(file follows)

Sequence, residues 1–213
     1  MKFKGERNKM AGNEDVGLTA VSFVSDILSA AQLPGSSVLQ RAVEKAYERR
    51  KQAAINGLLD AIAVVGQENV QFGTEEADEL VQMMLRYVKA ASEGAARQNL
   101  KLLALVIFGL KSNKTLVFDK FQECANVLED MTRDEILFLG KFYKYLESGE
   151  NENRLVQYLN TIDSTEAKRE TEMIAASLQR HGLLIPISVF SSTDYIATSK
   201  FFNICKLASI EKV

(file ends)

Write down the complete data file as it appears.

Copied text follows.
Sequence, residues 1–213
     1  MKFKGERNKM AGNEDVGLTA VSFVSDILSA AQLPGSSVLQ RAVEKAYERR
    51  KQAAINGLLD AIAVVGQENV QFGTEEADEL VQMMLRYVKA ASEGAARQNL
   101  KLLALVIFGL KSNKTLVFDK FQECANVLED MTRDEILFLG KFYKYLESGE
   151  NENRLVQYLN TIDSTEAKRE TEMIAASLQR HGLLIPISVF SSTDYIATSK
   201  FFNICKLASI EKV